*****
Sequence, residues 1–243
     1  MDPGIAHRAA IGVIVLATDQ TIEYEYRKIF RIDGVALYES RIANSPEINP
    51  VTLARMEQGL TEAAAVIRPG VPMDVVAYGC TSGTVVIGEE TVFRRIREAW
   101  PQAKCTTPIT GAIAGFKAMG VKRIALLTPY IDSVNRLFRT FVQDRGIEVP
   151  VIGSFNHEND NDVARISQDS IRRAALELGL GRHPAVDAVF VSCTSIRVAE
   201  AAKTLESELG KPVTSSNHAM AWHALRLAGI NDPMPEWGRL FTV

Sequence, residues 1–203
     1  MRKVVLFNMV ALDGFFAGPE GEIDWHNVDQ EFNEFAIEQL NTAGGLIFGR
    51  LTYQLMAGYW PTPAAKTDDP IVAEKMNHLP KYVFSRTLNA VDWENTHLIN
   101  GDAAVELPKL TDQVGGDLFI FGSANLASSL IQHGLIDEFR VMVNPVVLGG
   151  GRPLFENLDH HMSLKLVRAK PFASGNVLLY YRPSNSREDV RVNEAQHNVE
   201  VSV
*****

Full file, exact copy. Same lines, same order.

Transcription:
Sequence, residues 1–243
     1  MDPGIAHRAA IGVIVLATDQ TIEYEYRKIF RIDGVALYES RIANSPEINP
    51  VTLARMEQGL TEAAAVIRPG VPMDVVAYGC TSGTVVIGEE TVFRRIREAW
   101  PQAKCTTPIT GAIAGFKAMG VKRIALLTPY IDSVNRLFRT FVQDRGIEVP
   151  VIGSFNHEND NDVARISQDS IRRAALELGL GRHPAVDAVF VSCTSIRVAE
   201  AAKTLESELG KPVTSSNHAM AWHALRLAGI NDPMPEWGRL FTV

Sequence, residues 1–203
     1  MRKVVLFNMV ALDGFFAGPE GEIDWHNVDQ EFNEFAIEQL NTAGGLIFGR
    51  LTYQLMAGYW PTPAAKTDDP IVAEKMNHLP KYVFSRTLNA VDWENTHLIN
   101  GDAAVELPKL TDQVGGDLFI FGSANLASSL IQHGLIDEFR VMVNPVVLGG
   151  GRPLFENLDH HMSLKLVRAK PFASGNVLLY YRPSNSREDV RVNEAQHNVE
   201  VSV